In an age when it’s hard to get a cigarette paper between the ideology of the leaders of our three main political parties, it’s hard to imagine a time when views were so much more polarised and one’s political allegiances were very much more manifest 200 years ago. The Whigs (who transmogrified into the Liberals or anyone else they could form a coalition with) would belong to Brooks’ Club, while White’s was, and still is, for your blue blooded Tories.
Part of this ritual of taking sides was played out at Theatre Royal, Drury Lane, now celebrating two centuries since it was rebuilt in 1811. The theatre is the fourth to have been built on the site, and I suppose the original actually was in Drury Lane unfortunately Knowledge students these days are surprised to find that the theatre’s main, and only, entrance is facing away from Drury Lane in Catherine Street.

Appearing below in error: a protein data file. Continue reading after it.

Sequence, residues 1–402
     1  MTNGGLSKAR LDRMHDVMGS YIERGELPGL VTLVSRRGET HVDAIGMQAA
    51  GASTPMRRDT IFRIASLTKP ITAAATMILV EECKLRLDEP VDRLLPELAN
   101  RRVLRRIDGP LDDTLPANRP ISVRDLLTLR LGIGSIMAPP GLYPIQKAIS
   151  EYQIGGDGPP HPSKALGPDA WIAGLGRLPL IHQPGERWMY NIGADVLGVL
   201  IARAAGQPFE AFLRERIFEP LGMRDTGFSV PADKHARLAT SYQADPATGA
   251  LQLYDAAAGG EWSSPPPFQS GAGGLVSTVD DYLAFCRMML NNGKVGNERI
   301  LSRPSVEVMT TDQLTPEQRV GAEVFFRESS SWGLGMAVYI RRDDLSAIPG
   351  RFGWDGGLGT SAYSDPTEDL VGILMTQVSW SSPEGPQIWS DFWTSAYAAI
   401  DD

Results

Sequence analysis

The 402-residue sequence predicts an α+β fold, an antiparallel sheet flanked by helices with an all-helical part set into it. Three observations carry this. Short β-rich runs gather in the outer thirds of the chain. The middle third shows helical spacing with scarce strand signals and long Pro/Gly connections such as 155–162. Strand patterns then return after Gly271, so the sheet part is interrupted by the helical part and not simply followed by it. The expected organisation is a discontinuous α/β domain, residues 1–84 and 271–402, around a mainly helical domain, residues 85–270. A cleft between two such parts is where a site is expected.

Two hundred years ago when a new play opened there, the great and the good would attend the first night, but here was their dilemma: King George III and his son the Prince Regent hated each other and would refuse to sit in the same room, let along speak to each other.
In the days when Royalty would attend a first night (they hardly do now when for instance the theatre’s current offering is Shrek: The Musical) the theatre’s staff ensured that the King and his son would sit at opposite sides of the auditorium.
The problem for their acolytes was to make sure they were seen to go up the correct staircase according to whether they supported George or Prinny. They needn’t have bothered to follow either; the King was going mad and in the year the theatre opened he had given up most of his powers to his eldest son but not before he had lost us most of the American colonies in the War of Independence, while the son’s extravagant lifestyle including the building of the Brighton Pavilion did little to endear him to the public.
This tradition of taking sides continues to this day as theatregoers are directed up ‘The King’s Side’ or ‘The Prince’s Side’. It’s just a shame they didn’t manage to put the door in the correct place.